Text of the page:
As for ritual, though it might seem easier to define compared to myth, in religious studies it is rather troublesome to thoroughly describe what ritual is. While some famous scholars like Edmund Leach maintained that the term ritual should be applied to all culturally defined sets of behavior (the symbolic dimension of human behavior as such), others like Otto and Eliade argued that ritual arises from, and celebrates the encounter with, the “numinous” or “sacred” (Gale Encyclopedia of Religion, Vol. 9). Still others, like Robertson Smith and Emile Durkheim, have presented ritual as the very heart and soul of religion, and put more emphasis on ritual than myth. As Durkheim contended, “Societies image themselves in their ritual symbols and the sacred is the essential social idea” (Gale Encyclopedia of Religion, Vol. 9).

    Having admitted the difficulty in defining ritual, I would like to pay attention to its simple definition according to James Livingston:

    Ritual can be defined as an agreed-on and formalized pattern of ceremonial movements and verbal expressions carried out in a sacred context.

    Of the several dimensions of the definition above, I want to underline the fact that for a ritual to be qualified as religious, it should be carried out in a sacred context. Otherwise, it wouldn’t have any taste of religion; it would rather be a mere formalized systematic model of ceremony or verbal expression. Therefore, not every ritual is a religious ritual in the sense that it does not carry the meaning of the encounter with the sacred or the numinous.

    The role ritual plays in religion is of the lofty consideration in religious life. While Aristotle held, “We are what we repeatedly do,” Kant argued that the ultimate truth cannot be known just through theoretical cognitive research; it must be internalized by means of habitual repetition of some formalized patterns of behavior or verbal expressions – in other words, ritual conceptualization or communication (he called it the “practical mind” in critique of pure reason). 

    Religious ritual is a crucial part of holding the members of a society together (the idea of “we” interdependence, rather than “me only” independence), and maintaining the continuity and congruity of the social body or organism. As some scholars reason, three individuals (1+1+1=3) are equal to 3 in mathematics, yet in a society of three individuals held together by the invisible but practical bond of ritual, the sum is not three, but 111.

    Ritual unquestionably serves many significant psychological and social functions. For example, through religious rites and rituals, individuals can cherish an opportunity to synchronize one’s own ideas and emotions with those of others. Moreover, social togetherness via rituals is most likely the best remedy for individual anxiety and selfishness, as the maxim “it takes the whole village to raise a child” depicts. Rituals can also cure some social tensions, whether they are due to uneven distribution of wealth and material resources, or apparent injustice because of allocation of social status. For example, a janitor in a faithful society can stand side by side with a President while praying before God in a mosque or a church. The two of them are equal in the sight of God. Rituals are also the best means for the realization and application of the archetypal patterns made manifest in myths and other symbolic languages like parables and metaphors. Therefore, rituals serve as “the practical mind” for the adherents of a religion, allowing them to embed the sophisticated meanings communicated in the sacred scriptures and myths. Ritual is to religion, what light is to the act of seeing – indispensable. Rituals keep faith alive.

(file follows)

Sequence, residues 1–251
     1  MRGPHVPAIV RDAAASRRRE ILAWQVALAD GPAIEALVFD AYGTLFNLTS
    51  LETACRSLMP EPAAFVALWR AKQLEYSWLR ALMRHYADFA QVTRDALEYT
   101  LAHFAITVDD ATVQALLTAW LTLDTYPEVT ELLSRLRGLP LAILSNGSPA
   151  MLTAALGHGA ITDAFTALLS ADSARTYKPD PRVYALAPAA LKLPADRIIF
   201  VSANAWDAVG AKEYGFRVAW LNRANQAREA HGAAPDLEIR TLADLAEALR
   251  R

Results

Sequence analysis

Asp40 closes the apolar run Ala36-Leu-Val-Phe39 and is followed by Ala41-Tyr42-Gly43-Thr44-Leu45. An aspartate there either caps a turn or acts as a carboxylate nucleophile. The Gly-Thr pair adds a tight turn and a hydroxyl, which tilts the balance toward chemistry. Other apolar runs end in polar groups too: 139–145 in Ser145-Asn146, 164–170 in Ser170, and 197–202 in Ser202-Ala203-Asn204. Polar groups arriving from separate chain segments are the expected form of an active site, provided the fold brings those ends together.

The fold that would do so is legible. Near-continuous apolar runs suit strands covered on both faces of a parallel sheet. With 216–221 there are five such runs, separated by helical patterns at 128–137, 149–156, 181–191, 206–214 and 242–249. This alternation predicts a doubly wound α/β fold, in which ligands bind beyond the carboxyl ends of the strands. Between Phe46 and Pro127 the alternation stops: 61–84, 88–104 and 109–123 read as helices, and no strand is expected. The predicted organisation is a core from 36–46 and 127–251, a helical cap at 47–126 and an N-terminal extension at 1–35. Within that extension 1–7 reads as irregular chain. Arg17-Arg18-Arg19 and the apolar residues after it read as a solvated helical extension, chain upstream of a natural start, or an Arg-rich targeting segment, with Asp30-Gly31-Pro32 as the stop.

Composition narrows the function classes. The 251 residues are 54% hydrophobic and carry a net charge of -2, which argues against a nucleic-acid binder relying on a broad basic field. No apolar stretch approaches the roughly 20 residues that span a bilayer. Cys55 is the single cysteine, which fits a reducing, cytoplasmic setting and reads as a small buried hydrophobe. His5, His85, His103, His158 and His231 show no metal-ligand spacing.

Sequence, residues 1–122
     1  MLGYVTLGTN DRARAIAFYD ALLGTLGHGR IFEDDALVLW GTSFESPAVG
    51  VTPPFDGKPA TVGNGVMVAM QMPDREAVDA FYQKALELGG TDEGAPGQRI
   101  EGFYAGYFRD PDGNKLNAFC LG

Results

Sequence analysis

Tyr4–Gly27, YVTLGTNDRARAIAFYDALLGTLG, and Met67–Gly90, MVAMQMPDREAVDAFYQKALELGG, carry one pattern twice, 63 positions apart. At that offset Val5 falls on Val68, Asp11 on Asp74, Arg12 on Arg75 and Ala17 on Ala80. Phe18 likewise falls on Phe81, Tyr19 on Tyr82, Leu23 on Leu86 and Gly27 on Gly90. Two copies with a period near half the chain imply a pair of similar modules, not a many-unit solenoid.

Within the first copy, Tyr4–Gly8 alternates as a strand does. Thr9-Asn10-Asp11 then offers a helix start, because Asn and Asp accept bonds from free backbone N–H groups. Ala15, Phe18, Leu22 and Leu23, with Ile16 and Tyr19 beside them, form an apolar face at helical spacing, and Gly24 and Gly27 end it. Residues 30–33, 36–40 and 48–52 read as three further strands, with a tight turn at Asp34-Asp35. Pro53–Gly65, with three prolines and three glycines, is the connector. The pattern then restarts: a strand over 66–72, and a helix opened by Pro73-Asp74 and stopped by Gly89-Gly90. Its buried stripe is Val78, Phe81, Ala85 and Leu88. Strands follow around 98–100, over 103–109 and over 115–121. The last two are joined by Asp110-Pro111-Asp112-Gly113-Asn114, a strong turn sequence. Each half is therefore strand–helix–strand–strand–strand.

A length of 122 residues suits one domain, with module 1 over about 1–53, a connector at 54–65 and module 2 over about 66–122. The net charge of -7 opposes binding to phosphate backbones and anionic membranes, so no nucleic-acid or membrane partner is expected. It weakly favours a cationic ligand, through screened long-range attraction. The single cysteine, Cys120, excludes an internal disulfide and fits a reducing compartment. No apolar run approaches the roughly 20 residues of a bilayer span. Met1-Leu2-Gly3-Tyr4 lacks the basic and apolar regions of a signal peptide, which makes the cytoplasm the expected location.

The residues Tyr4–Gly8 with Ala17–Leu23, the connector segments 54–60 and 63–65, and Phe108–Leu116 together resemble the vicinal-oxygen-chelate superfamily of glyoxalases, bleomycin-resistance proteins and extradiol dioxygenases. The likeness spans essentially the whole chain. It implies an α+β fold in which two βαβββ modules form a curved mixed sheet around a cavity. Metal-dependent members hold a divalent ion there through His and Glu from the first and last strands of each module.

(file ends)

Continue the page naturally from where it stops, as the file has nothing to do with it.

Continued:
In regard to the interconnectedness of ritual and myth, they are like two facets of one reality, implementing one another’s functions and meanings. Neither ritual nor myth is superior; each has its own peculiar role and functions in religion. I would describe ritual as the realized and applied perception of religious myths and sacred scriptures. For this reason, neither myth nor ritual can exist on its own. While myth presents perfect archetypes and paradigms of the doctrinal system of religion (the theoretical mind), rituals function as conducive platforms to realize what the theoretical mind puts forward, by means of systematic repetition (the practical mind). Together, they form a united reality of both the theoretical and practical mind of religion. As the great Rumi contended about the vital importance of practicing religious tenets and beliefs through rituals, “We either appear as we are or we become as we appear.”

    In conclusion, ritual and myth are two angelic wings of the same heavenly system of religion. For the modern students of world religions, both serve as celestial lifts or launchers that can enable the believers to pass beyond the boundaries of this three-dimensional realm and enjoy the sacred bliss on the opposite shore of existence, the transcendent realm: the experience of encountering the numinous. A religion functions best when it has these two angelic wings – myth, the theoretical mind, and ritual, the practical mind.


    References

    Gale Encyclopedia of Religion, 2nd Ed.

    Livingston, James C. 2008. Anatomy of the Sacred: An Introduction to Religion, 5th Ed. Pearson.

    McAuliffe, Jane Dammen. Encyclopedia of Qur’an.

    Pals, Daniel L. 2006. Eight Theories of Religion, 2nd Ed., Oxford University Press.

    Pals, Daniel L. 2008. Introducing Religion: Readings from the Classic Theorists, Oxford University Press.





    When three individuals line up next to each other and have a complete consensus and synergy about the purposes of their society socially add up to almost 111.